A public relations executive for a Fortune 100 company once said with a sigh, “Sometimes, I think I knew more about my company when I was reporter.”
In some companies, the communications process sometimes begins who knows where with somebody’s last-minute, bright idea. After a few bureaucratic twists and turns, the process ends with a surprise—for the very people in charge of crafting and delivering the news.
Changing executives’ views of the importance of comms would fix this problem. While you’re waiting for that to happen, you can take matters into your own hands—or brain—by changing your attitude.
Act like a reporter—on your company.
Acting like a reporter, you will know better what’s coming down the pike, which will cut down those last-minute requests. But this isn’t the only, or most important, advantage. You’ll also be a better writer, a better advisor on communication issues and earn respect throughout the company.
So how do good reporters think? They want to find stuff out and then write about or broadcast it. They don’t wait to be fed. They expect to eat what they kill.
How do you think like reporter?
Do your homework.
What’s the first thing reporters do when they start a story? They read: news clips, SEC filings, financial reports, public records. Do you read everything about your company? It takes time, to be sure.
And what do you do if read something and don’t understand it? Try to overcome any fear of appearing uninformed and ask someone to explain it. You might catch an impatient executive who doesn’t want to be bothered, but most people like talking about their jobs.
Get more out of your interviews.
Another way to be a better reporter about your own company is to work on your interview techniques. Getting information from corporate leaders is a skill often overlooked by communicators. In journalism school, they teach that the secret to good interviewing is the two P’s: Preparation and Persistence.
Plan your questions. What do you need to know? What would you like to cover if you have time? Although you want a conversational tone, it’s not a conversation. There’s information you need to have. Keep the subject on point, but be polite. It’s not an interrogation.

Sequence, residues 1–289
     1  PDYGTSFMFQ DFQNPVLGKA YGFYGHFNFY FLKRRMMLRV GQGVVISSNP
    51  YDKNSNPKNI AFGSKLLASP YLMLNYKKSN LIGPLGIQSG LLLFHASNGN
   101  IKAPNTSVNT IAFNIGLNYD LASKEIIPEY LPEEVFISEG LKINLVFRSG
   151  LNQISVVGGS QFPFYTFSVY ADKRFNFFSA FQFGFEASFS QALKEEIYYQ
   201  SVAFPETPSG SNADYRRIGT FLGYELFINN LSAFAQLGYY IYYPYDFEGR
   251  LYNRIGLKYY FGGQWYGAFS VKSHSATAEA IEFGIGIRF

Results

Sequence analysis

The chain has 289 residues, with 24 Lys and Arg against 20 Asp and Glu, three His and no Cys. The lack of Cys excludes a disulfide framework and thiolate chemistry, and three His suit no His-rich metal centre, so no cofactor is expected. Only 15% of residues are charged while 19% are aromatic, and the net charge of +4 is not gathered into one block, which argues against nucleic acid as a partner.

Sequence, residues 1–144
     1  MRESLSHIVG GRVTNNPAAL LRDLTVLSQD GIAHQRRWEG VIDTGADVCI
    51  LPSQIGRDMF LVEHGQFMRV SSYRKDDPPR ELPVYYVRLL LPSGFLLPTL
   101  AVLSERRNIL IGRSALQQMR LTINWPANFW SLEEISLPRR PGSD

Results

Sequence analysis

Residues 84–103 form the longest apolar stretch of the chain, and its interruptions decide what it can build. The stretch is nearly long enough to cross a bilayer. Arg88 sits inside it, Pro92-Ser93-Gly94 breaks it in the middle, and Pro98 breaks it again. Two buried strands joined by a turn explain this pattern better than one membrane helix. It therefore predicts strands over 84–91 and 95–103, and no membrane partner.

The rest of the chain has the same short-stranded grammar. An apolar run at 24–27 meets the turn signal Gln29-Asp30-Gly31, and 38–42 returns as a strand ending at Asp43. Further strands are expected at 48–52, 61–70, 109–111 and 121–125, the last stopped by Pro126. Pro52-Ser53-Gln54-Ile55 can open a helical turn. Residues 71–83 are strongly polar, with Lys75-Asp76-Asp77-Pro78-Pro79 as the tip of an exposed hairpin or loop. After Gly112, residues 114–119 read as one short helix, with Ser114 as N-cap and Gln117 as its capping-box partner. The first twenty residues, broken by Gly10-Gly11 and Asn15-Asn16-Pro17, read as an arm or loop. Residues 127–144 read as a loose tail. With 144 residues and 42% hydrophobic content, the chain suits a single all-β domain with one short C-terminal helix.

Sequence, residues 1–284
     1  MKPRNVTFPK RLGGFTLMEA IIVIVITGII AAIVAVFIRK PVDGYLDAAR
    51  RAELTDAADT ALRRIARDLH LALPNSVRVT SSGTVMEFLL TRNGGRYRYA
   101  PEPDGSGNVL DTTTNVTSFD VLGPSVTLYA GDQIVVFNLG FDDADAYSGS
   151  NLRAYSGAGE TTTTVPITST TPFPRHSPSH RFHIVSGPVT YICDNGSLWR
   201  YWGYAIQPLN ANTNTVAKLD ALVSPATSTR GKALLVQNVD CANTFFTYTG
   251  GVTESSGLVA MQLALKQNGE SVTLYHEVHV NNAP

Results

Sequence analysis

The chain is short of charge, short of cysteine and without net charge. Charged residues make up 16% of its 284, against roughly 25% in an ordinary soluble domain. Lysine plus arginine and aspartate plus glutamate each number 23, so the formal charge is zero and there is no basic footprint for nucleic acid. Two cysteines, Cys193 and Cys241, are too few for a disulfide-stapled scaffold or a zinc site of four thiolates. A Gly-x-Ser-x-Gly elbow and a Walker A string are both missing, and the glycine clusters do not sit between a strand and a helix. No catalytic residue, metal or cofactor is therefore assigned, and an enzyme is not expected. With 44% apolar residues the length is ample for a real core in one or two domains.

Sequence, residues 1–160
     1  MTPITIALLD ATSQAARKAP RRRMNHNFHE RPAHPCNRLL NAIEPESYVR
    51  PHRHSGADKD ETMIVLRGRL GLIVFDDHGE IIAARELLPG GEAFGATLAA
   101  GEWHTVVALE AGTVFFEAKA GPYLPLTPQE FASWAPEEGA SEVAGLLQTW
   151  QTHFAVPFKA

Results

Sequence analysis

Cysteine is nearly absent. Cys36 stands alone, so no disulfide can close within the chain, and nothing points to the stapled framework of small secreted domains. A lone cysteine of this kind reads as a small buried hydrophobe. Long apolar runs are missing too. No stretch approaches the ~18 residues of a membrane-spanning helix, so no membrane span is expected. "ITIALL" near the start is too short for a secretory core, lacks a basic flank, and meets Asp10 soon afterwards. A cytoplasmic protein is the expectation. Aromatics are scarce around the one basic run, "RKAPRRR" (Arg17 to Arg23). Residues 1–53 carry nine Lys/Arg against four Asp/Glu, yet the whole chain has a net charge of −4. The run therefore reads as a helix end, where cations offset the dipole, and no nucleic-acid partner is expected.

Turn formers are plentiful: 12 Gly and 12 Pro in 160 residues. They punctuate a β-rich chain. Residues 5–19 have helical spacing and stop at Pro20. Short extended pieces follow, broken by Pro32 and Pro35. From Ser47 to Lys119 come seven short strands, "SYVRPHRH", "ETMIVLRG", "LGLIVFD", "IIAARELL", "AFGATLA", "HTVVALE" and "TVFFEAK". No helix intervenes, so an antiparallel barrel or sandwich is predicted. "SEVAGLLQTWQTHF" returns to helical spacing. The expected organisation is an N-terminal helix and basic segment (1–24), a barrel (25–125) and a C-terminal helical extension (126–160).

Persistence may be required to get the interview. We’ve all had to chase down executives to get the information for a news release. Sometimes even for a release about them!
During an interview, don’t be afraid to prod your subject for the information you need. Repeat the question, rephrase the question or ask the subject to repeat the answer. Push firmly but gently, like a doctor.
Reporters have sources about your company. Why don’t you? Sources are people who share information that’s helpful to your job as a communicator, just like sources help reporters.
Source development is like networking, but different. Source development is building a relationship of trust to encourage the exchange of information.
How do you get people to talk to you? Talk to them. Get out of the comms department. Get off email, get on the phone. Get off the phone and out of your cubical. Ask co-workers about their jobs. Be a sounding board or a shoulder to cry on. Offer to help with a memo or an important email. And stay in regular contact, not just when you need something.
Some communicators love to hate reporters, not without reason. But in a twist, learning from reporters is one way communicators can do their job better.
Tom Corfman is a senior consultant at Chicago-based Ragan Consulting Group. RCG specializes in corporate communications training, consulting and strategic counsel. Schedule a call with Tom to learn how we can help you improve your storytelling strategy. Follow RCG on LinkedIn here.